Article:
Will his­tory be re­peated with cricket prac­tice nets?

The Cobram Courier - - NEWS - — Adrian Ben­nett Ba­rooga — Brian Mills Grif­fith

Will his­tory of the 1980s be re­peated about 35 years later in Moira Shire with the con­struc­tion of cricket prac­tice nets?

The 1980s saw the place­ment of cricket nets at Scott Re­serve in the cor­ner ad­ja­cent to res­i­den­tial homes and, due to the noise and dan­ger prob­lem and pub­lic protest to the shire, the prac­tice nets were re­lo­cated to another area, elim­i­nat­ing the noise and dan­ger prob­lem.

The new cricket prac­tice nets now be­ing con­structed in the north-west cor­ner of the Co­bram Show­grounds at the Bank St en­trance and less than 10 m from res­i­den­tial homes is cer­tainly on a col­li­sion course in the fu­ture.

The shadow prob­lem of the house on the west side could also be a prob­lem if when the ball is bowled or played through the shadow and played either to bat­man or bowler, then who would be re­spon­si­ble for any in­jury or li­a­bil­ity that could oc­cur.

The con­struc­tion of the nets did not re­quire a per­mit from Moira Shire due to the de­sign of of the nets and cage and there­fore there was no need to ad­vise the pub­lic of con­struc­tion.

This area on the Co­bram Show­grounds and sta­dium com­plex plan pro­duced by Moira Shire sev­eral years ear­lier was the area al­lo­cated for the Me­ichel/Ritchie art and craft pavil­ion which has now passed its use-by date and needs to be re­placed.

The con­struc­tion should be halted and these is­sues be fronted by the Moira Shire coun­cil­lors and the pub­lic who use the Co­bram Show­grounds and re­moved to another area in the com­plex. Leader. The head­ing is ‘Open Let­ter to Barn­aby Joyce’. Edi­tors of two news­pa­per are in­volved and nei­ther of them will com­mu­ni­cate with me.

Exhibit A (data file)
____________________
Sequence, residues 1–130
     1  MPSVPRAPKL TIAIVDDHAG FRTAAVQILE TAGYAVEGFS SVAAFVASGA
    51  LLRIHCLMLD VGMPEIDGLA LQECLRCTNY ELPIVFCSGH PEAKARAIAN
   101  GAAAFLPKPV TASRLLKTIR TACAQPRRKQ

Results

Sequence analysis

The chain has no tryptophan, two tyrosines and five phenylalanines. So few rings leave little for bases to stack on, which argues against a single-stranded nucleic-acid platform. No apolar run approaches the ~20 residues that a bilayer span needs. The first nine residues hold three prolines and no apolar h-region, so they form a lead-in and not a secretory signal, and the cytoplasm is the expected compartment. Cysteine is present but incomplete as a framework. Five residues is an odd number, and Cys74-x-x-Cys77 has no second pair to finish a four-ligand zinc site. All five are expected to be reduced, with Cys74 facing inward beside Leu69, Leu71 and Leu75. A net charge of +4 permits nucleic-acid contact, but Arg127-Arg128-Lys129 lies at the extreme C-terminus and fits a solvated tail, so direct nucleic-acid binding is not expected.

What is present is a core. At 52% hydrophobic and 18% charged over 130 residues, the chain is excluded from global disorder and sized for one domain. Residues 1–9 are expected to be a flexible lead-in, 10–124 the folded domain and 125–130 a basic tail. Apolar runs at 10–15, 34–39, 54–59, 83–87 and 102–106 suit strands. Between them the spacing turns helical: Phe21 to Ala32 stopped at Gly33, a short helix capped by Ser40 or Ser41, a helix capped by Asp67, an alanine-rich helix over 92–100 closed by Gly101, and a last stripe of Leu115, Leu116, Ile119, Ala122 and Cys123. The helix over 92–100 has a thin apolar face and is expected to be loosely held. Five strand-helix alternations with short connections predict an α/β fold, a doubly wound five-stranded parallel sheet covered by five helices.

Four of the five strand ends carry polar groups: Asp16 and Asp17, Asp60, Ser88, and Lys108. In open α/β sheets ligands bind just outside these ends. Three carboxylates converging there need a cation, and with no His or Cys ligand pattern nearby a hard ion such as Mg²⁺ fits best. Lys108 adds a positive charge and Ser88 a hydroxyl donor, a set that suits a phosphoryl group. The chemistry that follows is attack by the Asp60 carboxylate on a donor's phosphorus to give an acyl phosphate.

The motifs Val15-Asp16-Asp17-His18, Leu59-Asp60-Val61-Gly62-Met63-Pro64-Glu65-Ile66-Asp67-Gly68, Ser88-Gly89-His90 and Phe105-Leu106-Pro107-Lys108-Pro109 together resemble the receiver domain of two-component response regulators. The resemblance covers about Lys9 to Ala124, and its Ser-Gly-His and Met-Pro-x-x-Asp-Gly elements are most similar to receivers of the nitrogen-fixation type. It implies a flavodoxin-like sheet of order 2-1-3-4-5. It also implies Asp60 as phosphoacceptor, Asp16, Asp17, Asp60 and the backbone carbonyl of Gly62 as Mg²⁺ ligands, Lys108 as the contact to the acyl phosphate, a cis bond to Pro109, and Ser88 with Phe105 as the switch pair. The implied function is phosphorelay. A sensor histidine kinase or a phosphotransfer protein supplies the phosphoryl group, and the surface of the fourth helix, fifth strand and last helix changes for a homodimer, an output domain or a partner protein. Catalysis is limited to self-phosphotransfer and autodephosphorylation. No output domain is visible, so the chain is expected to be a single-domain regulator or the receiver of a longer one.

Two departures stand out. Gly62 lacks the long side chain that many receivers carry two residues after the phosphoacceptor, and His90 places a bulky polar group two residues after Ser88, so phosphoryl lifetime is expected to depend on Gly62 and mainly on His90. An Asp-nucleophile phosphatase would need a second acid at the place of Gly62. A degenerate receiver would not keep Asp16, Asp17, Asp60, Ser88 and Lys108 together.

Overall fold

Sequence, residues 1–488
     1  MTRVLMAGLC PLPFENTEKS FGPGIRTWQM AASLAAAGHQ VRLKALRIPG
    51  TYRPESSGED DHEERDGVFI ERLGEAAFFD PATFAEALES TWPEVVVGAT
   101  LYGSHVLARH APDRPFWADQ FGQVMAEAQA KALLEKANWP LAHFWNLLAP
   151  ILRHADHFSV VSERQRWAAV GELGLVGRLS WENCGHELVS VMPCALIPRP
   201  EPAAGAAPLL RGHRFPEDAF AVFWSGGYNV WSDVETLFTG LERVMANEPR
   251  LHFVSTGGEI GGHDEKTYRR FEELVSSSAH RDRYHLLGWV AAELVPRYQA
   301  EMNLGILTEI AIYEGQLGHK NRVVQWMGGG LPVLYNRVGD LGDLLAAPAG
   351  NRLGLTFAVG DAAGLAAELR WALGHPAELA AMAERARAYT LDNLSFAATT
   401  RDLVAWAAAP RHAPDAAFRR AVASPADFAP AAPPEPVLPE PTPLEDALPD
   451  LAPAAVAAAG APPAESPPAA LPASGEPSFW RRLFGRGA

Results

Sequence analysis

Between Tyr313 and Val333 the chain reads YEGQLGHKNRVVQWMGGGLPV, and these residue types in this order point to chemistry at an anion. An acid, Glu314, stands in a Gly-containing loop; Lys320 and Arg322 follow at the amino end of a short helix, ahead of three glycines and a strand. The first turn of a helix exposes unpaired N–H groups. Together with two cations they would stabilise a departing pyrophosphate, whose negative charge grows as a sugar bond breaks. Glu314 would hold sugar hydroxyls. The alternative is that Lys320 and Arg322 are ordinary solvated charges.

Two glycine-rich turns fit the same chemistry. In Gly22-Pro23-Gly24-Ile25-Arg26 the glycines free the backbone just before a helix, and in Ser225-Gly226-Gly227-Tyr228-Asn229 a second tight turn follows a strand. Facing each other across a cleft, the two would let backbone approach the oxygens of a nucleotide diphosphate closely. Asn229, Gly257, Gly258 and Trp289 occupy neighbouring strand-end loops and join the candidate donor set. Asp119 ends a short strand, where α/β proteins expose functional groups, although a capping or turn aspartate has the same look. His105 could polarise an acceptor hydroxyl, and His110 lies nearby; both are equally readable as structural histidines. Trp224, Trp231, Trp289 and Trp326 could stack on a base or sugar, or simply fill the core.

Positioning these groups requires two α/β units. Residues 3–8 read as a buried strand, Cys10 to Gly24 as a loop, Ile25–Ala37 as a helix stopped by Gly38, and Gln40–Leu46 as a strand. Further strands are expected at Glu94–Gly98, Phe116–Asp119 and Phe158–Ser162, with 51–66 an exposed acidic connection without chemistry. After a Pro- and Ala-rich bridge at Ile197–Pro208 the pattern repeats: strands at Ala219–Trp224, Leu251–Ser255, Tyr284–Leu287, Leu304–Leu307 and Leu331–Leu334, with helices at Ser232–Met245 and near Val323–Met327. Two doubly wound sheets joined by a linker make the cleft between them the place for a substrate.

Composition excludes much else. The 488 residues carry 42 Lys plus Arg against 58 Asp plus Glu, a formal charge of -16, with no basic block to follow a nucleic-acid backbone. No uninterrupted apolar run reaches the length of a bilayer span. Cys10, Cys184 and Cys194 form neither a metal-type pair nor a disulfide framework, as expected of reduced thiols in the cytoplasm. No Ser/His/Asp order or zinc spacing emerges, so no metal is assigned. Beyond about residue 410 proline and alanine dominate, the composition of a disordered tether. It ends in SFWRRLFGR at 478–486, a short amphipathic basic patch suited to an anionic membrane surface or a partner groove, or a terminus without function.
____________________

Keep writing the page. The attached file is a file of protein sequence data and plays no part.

This morn­ing I sent a let­ter to the edi­tor of the news­pa­per in Co­bram be­cause I am dev­as­tated about what the Na­tional Party is do­ing to the Victorian elec­torate of Mur­ray.

Four years ago a pro­fes­sor from Monash Uni­ver­sity in Churchill said:

1. Aus­tralia has no fu­ture in fruit grow­ing.

2. The re­duc­tion in tar­iffs since 1970 has been good for Aus­tralian man­u­fac­tur­ing.

This has min­imised tra­di­tional man­u­fac­tur­ing to pro­vide a tran­si­tion to cap­i­tal­based ac­tiv­i­ties.

The only ex­am­ples he could give were niche air­craft man­u­fac­tur­ing (two weeks later the com­pany which he re­ferred to was in the news­pa­per as be­ing in free fall) and in­no­va­tive de­sign of an­i­ma­tion.

We are still wait­ing on ex­am­ples from So­phie Mirabella.

One of Barn­aby’s min­ders re­ferred me to Barn­aby’s eco­nom­ics ex­perts for dis­cus­sion and de­bate. I am still wait­ing for any re­sponse. With noth­ing from Matt Cana­van, how does Barn­aby re­spond to Aus­tralia has no fu­ture in fruit grow­ing?

When there was a cri­sis in stone fruits, Joe Hockey in­sisted that it was up to Coca Cola to in­vest and save what re­mained of the in­dus­try. Where was Barn­aby? Mean­while the Coali­tion has leg­is­lated free trade agree­ments where the small print ad­vises that if multi-na­tion­als can­not get prof­its that they can ex­pect worldwide, then they can sue the Aus­tralian Govern­ment.

Re­cently Coca Cola ex­pe­ri­enced a drop in profit.

What are the im­pli­ca­tions for Co­bram and the stone fruits in­dus­try?

Would it be ap­pro­pri­ate for me to call for a five-way de­bate in­volv­ing Barn­aby, Matt Cana­van, Sus­san Ley and Damian Drum (the mem­ber for Mur­ray, Vic­to­ria in­clud­ing Co­bram) and me?

It will be of in­ter­est to see how many edi­tors re­spect my rights of free­dom of speech.

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